In Paradise Lost John Milton writes, “I’d rather rule in hell than serve in heaven.” Apparently my boy, John, was alluding to his raging times in Beijing because this best embodies my time so far. The following post will be more of an aperçu of Beijing life so far, since I’ve had unreliable wifi this first week. No specific day to day stuff to bore you yet.
First, my paleness, which life on the beach couldn’t even fix, height, and blonde hair, are ingredients for a Sino-ethnic wet dream. Almost all things western are adored, but the aforementioned traits are the basis of all Chinese idol-worship. I’ll take my fifteen minutes of fame.
Secondly, everything is incredibly cheap. Most things here are about 1/5th the price they would be in the US. I can buy my Taiwan Pancake, my afternoon 包子 (dumplings for you non-Sino-philes) and my 牛肉面 (literal translation: cow meat noodle) and still have time to make it rain. That’s a joke mom. Some of the cheapest things are electronics (no promises on reliability) and clothes (probably too small). Knock-off stores are blatantly placed on most heavily trafficked boulevards. There is nothing convincing about them. Typically, the name is completely butchered, and the logo is could’ve been made on MSPaint. Fake Apple Stores are in every district, but it’s almost if they want you to know they’re selling fake knock-offs as opposed to the real thing. Apple is actually more expensive in China than the US.
Some other Western things are not widely used in China, so they’ll be more expensive. Transportation is dirt cheap. A cab ride is typically 10 块，less than $2, and the subways and buses are 2 块。
Nightlife is as backwards as it gets. In 五道口, the area near campus, a white male can get in with no cover charge. That’s right. White males are a sought after commodity in the club scene. Once in said club, everything is pretty western. All the music is from the US, with the exception of Gangnam Style. The alcohol is typically recognizable brands, but the Beijing signature drink is 白酒, something along the lines of industrial bleach. 三里屯 is an ex-pat heavy area that makes you feel like you’ve been transported out of China. You’ll hear more Russian, German, and English than Chinese. The club scene is also a little better, but more expensive. My theory is that the club scene has alway strived to be so western that there really isn’t an authentic Chinese club. I’ll have to do a bit more scholarly field work on this thesis.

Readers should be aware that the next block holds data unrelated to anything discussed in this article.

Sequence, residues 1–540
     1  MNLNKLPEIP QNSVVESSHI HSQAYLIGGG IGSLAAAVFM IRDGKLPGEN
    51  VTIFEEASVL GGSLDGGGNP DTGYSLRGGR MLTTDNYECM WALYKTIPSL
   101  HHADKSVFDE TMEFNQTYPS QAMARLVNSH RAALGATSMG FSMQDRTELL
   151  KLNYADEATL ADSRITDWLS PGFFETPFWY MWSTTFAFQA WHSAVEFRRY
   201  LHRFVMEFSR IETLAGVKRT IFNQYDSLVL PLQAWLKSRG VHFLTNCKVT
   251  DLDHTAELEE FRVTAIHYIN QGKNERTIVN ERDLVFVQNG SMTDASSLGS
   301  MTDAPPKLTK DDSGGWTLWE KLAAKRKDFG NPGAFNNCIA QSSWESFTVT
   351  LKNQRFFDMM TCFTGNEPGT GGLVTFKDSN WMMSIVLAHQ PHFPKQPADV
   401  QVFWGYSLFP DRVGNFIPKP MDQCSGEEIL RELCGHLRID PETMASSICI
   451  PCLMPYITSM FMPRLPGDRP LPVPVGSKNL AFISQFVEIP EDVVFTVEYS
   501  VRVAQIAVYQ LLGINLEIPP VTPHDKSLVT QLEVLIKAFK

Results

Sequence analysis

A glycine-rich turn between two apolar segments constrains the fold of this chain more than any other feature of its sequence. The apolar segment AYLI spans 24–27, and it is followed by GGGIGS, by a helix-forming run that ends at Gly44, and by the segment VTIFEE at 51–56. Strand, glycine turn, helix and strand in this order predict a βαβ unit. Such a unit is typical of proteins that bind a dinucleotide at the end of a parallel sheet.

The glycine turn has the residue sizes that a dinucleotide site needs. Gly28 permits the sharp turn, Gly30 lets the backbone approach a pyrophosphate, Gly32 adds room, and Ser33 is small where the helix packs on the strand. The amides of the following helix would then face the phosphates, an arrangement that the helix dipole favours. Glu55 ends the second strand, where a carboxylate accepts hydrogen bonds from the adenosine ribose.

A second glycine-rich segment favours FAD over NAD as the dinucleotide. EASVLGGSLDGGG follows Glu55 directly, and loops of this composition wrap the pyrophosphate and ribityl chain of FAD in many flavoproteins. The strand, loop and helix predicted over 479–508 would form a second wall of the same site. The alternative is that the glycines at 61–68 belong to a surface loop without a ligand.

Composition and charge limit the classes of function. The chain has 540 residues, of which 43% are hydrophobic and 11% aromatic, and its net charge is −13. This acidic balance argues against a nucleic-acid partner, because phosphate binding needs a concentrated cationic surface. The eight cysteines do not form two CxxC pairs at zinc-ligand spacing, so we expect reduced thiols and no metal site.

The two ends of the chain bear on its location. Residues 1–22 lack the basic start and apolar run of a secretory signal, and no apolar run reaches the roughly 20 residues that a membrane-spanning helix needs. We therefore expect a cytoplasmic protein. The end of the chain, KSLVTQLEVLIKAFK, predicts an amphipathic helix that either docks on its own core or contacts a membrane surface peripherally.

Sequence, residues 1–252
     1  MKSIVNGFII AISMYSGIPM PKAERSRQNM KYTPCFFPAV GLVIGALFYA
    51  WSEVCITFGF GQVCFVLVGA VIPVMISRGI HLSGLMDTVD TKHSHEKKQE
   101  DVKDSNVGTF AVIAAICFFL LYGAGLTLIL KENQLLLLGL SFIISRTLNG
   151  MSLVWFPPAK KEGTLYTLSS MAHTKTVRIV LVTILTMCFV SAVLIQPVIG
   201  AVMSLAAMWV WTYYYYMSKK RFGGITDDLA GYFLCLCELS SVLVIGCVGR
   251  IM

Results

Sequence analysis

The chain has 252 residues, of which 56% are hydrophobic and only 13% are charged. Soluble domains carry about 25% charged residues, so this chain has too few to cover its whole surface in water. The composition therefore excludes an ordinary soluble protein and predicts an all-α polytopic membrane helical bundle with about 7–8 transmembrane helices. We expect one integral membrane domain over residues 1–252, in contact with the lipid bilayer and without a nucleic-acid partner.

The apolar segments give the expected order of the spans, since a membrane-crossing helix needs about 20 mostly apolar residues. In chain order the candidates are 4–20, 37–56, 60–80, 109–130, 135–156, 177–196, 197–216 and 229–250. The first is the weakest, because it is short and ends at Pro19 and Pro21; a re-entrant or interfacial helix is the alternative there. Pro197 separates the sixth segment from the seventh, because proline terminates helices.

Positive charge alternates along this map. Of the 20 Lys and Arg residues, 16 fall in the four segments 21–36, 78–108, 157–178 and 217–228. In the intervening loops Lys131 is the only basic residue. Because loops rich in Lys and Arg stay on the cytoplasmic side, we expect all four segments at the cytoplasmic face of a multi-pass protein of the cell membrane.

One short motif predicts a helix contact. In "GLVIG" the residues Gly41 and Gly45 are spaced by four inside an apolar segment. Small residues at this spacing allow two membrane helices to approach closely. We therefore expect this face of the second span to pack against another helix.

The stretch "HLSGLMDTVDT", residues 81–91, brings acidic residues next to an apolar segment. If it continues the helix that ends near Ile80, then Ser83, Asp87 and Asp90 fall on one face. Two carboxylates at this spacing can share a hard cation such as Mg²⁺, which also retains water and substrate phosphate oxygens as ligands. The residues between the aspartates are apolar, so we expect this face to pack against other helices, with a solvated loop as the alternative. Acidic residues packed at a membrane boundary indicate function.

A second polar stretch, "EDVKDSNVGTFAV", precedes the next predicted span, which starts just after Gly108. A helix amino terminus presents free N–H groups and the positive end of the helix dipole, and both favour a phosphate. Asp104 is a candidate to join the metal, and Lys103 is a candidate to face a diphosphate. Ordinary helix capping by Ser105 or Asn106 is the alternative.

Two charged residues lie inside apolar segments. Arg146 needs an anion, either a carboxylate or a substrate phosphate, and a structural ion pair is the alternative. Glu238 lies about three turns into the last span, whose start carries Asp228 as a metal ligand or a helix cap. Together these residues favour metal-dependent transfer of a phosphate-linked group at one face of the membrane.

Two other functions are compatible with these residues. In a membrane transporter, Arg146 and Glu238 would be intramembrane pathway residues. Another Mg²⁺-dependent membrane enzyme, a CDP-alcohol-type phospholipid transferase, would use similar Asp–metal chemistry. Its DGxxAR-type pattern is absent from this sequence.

If you’ve ever been witness to my dance style (Moment of silence for that poor, poor Theta), akin to a Dee Reynolds and Wacky Wavable inflatable tube men, you’d be happy to know it’s alive and well. The white people are typically clustered in one spot on the dance floor. At one club, the Chinese male to female ratio was so bad that most Chinese men just watched. If you look closely enough you’ll notice a keen-eyed Chinese people mimicking a few American dance moves. We can only hope none adopt any of my moves.
Another one of Beijing’s attractions is the plethora of historical sites. Despite their backwards Commie ways (‘Murrrrrrica), the Chinese people are the kind of heartless capitalists that only Cornelius Vanderbilt could love. You typically pay to enter the grounds, but then you have to buy more tickets to enter the actual sacred and historical places. Beijing’s history and electric atmosphere make up for the lack of natural beauty. I’d really like to go see a living tree, but I don’t want to be making ridiculous demands. On a serious note regarding Chinese milieu, China is just as, if not more, capitalistic than America once you get beyond the facade of the state. The lack of regulation, crippling tax codes, and work-ethic create a wild-west of business opportunities. America’s Main St. is alive and well in China.
My other form of entertainment is watching the CRT TV in our room. I can either watch state-run news in Chinese, the occasional table-tennis match, or the Chinese Basketball Association. It’s widely agreed among analysts that the CBA skill level is something like that of a 6th-grade girl’s B-Team. Fans are abuzz about the introduction of weak-hand dribbling in the coming season. It’s worth mentioning that the highlight is Stephon Marbury literally running train on his opponents. Averaging over 40 points in the playoffs, Stephon Marbury must feel like Kenny Powers in gym class.
If you thought Beijing was all fun and games, you’d be sadly mistaken. For travel abroad, it’s more academically rigorous than your typical program. I have 9 hours of Chinese a week, an internship an 18 hour a week internship that ends up being 24 hours if you factor in a commute, and 3 3-hour once a week classes. Don’t pity me though; pity the immersion kids. They have something like 8 hours of class a day, five days a week, with a chinese-only language pledge. The inner-masochist in me really wishes I had done immersion, but thanks to USD’s absurd core requirements, I’ll just have to watch from afar as a few of them flirt with the slippery slope that is insanity.
If any of you immersion kids are reading this, save your limited time of english exposure and read something worth your while. Go.